According to the Dive Thailand book, visibility here can vary from 13' (4m) to over 83' (25m). A line of pinnacles extends to the south of Hin Mu Sang, and just to the west of this is a fabulous underwater arch covered in soft corals. This is part of the Shark Point Marine Sanctuary, created in 1992. All flora and fauna is protected, including corals and shells. One of those "Take only pictures, leave only bubbles" places.

The beautiful Common Lionfish. Photo by Amanda Hacking
The beautiful Common Lionfish
Kata Beach
Type: Shore dive. Good night dive location
Access: Beach, or long-tail boat
Position: Approx. 749.5'N, 98 17.3'E.
Depths: 10-40' (3-12m)
Date: 25 January 2007
Visibility: 15' (4.5m)
Dive shop: In Patong and Ao Chalong, Phuket
Snorkeling: Yes
Features: Coral bommies/sand patches.

(Amanda)  This was where we did both the Navigation dive and the Night dive for our Advanced PADI cert. There wasn't much to recommend it on the navigation (daylight) dive, but it was awesome at night!  We entered from the beach about an hour after sunset and spent most of the time around 15-26ft (4.5-8m) circling around bommies and over sand. There was one bommie with (I counted) 10 lionfish, and we saw probably that many again during the dive, including a cute little 2" (5cm) one!

There was a massive cuttlefish camouflaged against the sand and lots of pufferfish sleeping in nooks on the rocks. And as my light hit the rocks, the reflections of dozens of glowing red eyes came back to me -- shrimp, shrimp, shrimp! On the way back Warren nearly swam into a jellyfish. The body wasn't very big but the tentacles were wispy and very long. Very cool dive!

Similan Islands. These are a National Park about 60 nm northwest of Phuket. We sailed from north western Phuket to the southern-most islands as a day sail, staying a few days with cruising friends to snorkel and relax. Then we sailed to the very north to join friends for some diving. The visibility out here is fantastic -- the kind of thing we had hoped to find, but didn't, in the islands south of Phuket. There are no shore facilities at all -- just cruising boats, fishing boats (which are illegal, so hopefully just passing through), and live-aboard dive boats.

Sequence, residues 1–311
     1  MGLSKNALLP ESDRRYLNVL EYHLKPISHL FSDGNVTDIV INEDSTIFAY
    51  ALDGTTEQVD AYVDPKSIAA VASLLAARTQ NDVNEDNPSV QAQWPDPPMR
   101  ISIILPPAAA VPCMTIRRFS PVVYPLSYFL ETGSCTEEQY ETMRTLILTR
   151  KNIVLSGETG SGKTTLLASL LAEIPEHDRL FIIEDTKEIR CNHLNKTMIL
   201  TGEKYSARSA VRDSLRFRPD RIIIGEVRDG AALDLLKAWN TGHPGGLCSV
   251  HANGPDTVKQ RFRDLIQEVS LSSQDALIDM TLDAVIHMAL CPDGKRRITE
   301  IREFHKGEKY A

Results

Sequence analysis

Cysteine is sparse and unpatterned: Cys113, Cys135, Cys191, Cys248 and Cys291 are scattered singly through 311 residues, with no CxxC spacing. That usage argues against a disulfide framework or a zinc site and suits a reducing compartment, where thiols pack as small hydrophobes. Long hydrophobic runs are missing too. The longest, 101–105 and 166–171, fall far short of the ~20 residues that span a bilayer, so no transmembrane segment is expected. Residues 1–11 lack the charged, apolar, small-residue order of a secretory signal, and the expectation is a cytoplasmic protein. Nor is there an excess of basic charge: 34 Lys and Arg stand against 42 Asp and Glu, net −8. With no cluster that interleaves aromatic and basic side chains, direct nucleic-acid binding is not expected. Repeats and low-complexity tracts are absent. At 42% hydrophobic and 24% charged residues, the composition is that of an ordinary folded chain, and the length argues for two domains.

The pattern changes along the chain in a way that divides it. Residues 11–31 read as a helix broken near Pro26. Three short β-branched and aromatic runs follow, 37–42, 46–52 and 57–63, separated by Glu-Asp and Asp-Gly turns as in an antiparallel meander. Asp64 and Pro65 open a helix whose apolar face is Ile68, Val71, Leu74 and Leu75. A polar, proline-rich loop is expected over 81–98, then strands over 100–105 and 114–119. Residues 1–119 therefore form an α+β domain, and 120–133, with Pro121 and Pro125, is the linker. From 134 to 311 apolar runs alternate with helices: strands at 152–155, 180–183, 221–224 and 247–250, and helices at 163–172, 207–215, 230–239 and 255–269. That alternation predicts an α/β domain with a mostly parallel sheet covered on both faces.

A False Clown Anemonefish in its bulb anemone
A False Clown Anemonefish in its bulb anemone
Mooring Rocks, Koh Bangu
Type: Near-island, calm
Access: Boat only. There are several moorings available.
Position: 8 40.5'N, 97 38.8'E
Depths: 20-80' (6-24m)
Date: 20 January 2007
Visibility: 60' (18m)
Dive shop: No, but live-aboard dive boats come most days
Snorkeling: Yes, along the shore of the islands and nearby bommies
Features: Nice fish, good corals, minimal current
Hello, Indian Redfin Butterflyfish
Hello, Indian Redfin Butterflyfish

(Jon)  This was a relaxing dive, right from the stern of Ocelot.  We were in the anchorage at the northern end of the Similan Islands which are uninhabited and lie 60 nm NW of Phuket.  It was our first Thailand dive, the first with Chris on his 3-month visit with us, and the first dive with Rachel who was newly certified.  Because of Rachel, we decided that an easy, gentle dive would be best.  Unfortunately we'd hit a time when the wind was howling outside the island chain, making off-shore dives uncomfortable.

Chris, Rachel and I splashed into about 20' (6m) of water and headed basically east around the southern end of the island.  This direction was more protected from the prevailing winds and roiled seas.  We descended down the slope to about 50' (17m) and just followed the coral around.  There were some lovely hard corals but more surprising were all the tumbled rocks, which we'd never really seen in previous dives.  Coming up to about 35' (11m) on the way back the corals got much more intense, with large formations and many different varieties.  We even saw some lobsters and lionfish.  A fun dive!

(Sue)  I didn't dive here (lack of tanks!) but I did lots of snorkeling both here and at other islands in the Park. According to the Dive Thailand book a cold current can pass between Ko Bangu and Koh Similan making it a chilly dive at depth. It's recommended as a night dive when the current is light, or at slack.

Our experience was that you can't really go wrong with visibility and fish/coral life in the Similans! (But I don't know how it is during the SW monsoon, June through November!) Our cruising friends sailed north to Koh Bon in the Mu Koh Surin National Park and had some awesome dives with manta rays and a whale shark. Missing the Similans and Mu Koh Surin would be to miss the best of Thai diving.